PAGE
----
This was the period during which the Assyrians united their kingdom and built up their stone model, as exhibited by the monumental statues and reliefs that designed the royal residences of the Assyrian rulers. One of the most remarkable was their carved stone relief sculpture, a successive brightening decorative element on supreme monuments and royal residences. These reliefs contained subtle elements of royal hunting parties and fight scenes. Special attention is paid to the animal’s forms, such as horse and lions. However, human figures are similarly detailed yet relatively rigid and wooden-looking. Among the most well-known example of Assyrian craftsmanship are the lion-hunt alabaster carvings depicting Assurnasirpal II (ninth century BCE) and Assurbanipal (seventh century BCE), now in the British Museum. Mesopotamian carvings were no doubt  influenced by the Egyptian sculpture and additionally works of Ancient Persian art, while it itself would have affected the different strands of Aegean workmanship – including Minoan art (Crete) and Mycenean craftsmanship (Peloponnese) – and in addition early Etruscan workmanship (Italy) and other eastern Mediterranean cultures of the Bronze Age.

Assyrian Empire and Fall of Babylon (934-539)

The Assyrians developed in the tenth century BCE as the prevailing power in the Near East. Tremendous palaces, temples and ziggurats at Nineveh, Nimrud, Khorsabad, were also built by them, which were guarded by stone entryway lions, winged bulls or genii. They recorded their battles and adventures in long engravings, in definite low reliefs on limestone slabs and in fresco paintings. The goods they brought back included various kinds of artifacts, including various bronze bowls, furniture fittings and ivory plaques, carved in various styles, which are in fact great and frequently exceptionally wonderful; these articles are, in any case, for the most part of foreign workmanship. It was some time before Babylon’s fortunes recovered however under the Chaldaean rulers of the late seventh and sixth hundreds of years BCE the city was elaborated with temples and royal residences including Nebuchadnezzar’s well known Hanging Gardens, which excavations have discovered to have been built over a series of vaulted chambers of different heights. The Ishtar Gate and a processional route driving from it were enriched with bulls, monsters and lions in low relief on splendidly glazed bricks. The Persians, under Cyrus the Great, put an end to this Babylonian dynasty in 539 BC and from there on Mesopotamia was ruled by a progression of outside dynasties – Achaemenids, Seleucids, Parthians and Sassanians.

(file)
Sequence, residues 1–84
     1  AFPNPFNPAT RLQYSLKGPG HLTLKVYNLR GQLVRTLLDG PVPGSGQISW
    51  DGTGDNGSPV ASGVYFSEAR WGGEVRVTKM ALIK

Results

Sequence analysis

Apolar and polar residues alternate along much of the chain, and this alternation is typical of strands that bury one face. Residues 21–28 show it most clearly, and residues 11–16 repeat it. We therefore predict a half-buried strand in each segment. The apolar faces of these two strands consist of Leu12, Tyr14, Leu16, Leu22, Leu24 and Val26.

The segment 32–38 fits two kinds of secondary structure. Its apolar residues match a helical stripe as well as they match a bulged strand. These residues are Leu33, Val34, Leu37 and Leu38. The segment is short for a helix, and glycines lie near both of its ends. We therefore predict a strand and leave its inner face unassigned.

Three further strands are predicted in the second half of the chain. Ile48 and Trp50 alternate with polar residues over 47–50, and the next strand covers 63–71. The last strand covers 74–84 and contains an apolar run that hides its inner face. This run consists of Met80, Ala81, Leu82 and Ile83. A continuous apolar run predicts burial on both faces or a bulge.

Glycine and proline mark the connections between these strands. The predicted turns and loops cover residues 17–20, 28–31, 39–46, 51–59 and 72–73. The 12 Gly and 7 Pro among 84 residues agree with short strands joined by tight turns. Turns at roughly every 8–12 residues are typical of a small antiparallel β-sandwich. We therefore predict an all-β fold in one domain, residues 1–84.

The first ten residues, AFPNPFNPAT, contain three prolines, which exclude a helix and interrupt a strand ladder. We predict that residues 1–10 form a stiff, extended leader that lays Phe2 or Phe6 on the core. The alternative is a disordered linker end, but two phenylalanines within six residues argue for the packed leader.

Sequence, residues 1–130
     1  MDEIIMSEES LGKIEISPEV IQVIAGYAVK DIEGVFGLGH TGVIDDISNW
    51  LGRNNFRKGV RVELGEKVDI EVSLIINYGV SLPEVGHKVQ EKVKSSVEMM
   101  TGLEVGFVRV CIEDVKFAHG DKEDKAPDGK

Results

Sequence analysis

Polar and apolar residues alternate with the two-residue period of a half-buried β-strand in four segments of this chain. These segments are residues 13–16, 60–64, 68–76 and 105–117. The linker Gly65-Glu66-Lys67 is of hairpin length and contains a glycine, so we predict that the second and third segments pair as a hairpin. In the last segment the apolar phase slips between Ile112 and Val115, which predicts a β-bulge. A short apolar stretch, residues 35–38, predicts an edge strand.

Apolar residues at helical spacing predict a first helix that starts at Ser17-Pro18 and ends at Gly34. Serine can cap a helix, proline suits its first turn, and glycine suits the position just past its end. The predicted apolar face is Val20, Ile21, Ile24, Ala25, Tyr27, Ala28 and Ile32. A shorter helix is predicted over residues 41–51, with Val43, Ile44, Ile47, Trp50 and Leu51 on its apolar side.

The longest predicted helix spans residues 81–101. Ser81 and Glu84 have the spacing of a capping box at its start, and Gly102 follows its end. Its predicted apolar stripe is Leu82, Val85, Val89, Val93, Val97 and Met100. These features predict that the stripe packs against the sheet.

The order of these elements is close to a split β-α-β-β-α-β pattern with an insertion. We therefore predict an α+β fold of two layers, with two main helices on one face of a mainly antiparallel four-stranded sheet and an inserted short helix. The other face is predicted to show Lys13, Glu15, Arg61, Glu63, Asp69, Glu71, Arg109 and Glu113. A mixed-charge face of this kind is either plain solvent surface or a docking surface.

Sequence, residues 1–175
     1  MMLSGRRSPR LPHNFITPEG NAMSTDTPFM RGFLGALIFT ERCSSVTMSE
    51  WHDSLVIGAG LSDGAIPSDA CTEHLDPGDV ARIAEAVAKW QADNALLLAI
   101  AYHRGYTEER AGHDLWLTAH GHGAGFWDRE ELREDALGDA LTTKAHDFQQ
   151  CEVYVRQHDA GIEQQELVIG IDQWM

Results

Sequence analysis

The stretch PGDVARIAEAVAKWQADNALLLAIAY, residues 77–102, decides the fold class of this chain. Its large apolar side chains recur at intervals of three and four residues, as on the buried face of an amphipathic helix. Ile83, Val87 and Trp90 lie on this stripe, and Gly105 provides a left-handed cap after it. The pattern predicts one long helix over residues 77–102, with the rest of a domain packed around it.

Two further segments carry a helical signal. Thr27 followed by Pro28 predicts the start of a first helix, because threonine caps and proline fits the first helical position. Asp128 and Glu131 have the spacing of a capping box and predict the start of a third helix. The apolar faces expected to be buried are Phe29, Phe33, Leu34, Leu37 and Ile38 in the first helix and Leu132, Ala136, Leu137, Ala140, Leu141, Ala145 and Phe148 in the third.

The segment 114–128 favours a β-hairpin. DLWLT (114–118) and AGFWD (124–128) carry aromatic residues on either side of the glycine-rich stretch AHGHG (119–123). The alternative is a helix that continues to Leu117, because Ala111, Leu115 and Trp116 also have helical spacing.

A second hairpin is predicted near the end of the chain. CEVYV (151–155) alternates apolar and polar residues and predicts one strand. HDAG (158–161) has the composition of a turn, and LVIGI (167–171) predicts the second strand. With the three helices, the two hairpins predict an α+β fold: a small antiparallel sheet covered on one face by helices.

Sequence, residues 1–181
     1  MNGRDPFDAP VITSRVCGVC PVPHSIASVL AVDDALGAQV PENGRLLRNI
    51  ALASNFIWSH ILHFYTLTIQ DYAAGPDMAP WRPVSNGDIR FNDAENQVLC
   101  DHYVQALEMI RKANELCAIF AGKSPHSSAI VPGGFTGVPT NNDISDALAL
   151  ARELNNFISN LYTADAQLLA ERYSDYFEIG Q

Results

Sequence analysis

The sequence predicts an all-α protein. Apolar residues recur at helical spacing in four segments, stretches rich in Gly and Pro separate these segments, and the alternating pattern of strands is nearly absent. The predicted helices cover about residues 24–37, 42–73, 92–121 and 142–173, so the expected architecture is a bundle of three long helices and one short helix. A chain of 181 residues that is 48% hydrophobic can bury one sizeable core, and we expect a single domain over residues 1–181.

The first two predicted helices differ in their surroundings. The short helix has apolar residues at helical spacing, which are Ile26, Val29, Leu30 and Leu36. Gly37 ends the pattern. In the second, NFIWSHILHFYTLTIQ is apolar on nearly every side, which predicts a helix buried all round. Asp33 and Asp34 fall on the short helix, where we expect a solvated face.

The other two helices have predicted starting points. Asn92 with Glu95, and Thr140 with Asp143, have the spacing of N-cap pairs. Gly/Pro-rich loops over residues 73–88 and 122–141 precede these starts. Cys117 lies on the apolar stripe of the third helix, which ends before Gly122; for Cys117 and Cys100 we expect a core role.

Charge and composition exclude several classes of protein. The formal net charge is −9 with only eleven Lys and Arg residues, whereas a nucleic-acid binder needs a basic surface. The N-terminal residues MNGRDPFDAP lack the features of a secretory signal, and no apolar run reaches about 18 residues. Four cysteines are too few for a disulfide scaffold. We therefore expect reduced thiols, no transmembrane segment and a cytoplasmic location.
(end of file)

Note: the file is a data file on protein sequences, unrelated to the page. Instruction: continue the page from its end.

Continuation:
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Artists: 

Pablo Picasso 4. Salvador Dali 5. Frida Kahlo




Indian Artist

1.G.R. Santosh  2. Jai Zharotia 3. Ramkinkar Vaij 4. Dhan Raj Bhagat 5. Somnath Hore 6. Raja Ravi Varma 7. Ratnabali Kant 8. Satish Gujral  9. Anjolie Ela Menon 10. Jagdish Swaminathan   11. Bishamber Khanna  12. Shanti Dave  13. Om Prakash  14. A Ramachandran 15. Arpita Singh 16. Gulam Mohammad Sheikh  17. Biren De  18. Manjit Bawa 19. Gogi Saroj Pal  20. Arpana Caur 21. Vivan Sundaram  22.Amar Nath Sehgal 23. Jatin Das  24.Meera Mukherjee 25. P. V. Janakiram 26. Ved Nayar 27. Mrinalini Mukherjee  28. Lydia Mehta 29. Krishna Reddy 30. Surindra Chadha 31. Anupam Sud 32. Sankho Chaudhuri 33. Gaganendranath Tagore 34. Rabindranath Tagore 35. Nandalal Bose  36. Abanindranath Tagore 37. Jamini Roy 38. Amrita Sher-Gil 39. A. R. Chughtai  40. Zainul Abedin 41. George Keyt 42. M.F. Husain 43. Binod Bihari Mukharji 44. K. G. Subramanyan  45. Krishen Khanna  46. Tyeb Mehta  47. Ram Kumar 48. Pran Nath Mago 49. F.N. Souza 50. B.C.Sanyal 51. K.S.Kulkarni 52. HarKrishan Lal 53. Jahangir Sabavala 54. Sailoz Mukherjee 55. N. S. Bendre  56. K.K.Hebbar 57. Bimal Das Gupta  


Female Artists:

1.Amrita Sher-Gil  2. Arpana Caur  3. Anupam Sud   4. Lydia Mehta   5. Mrinalini Mukherjee   6. Meera Mukherjee   7. Ratnabali Kant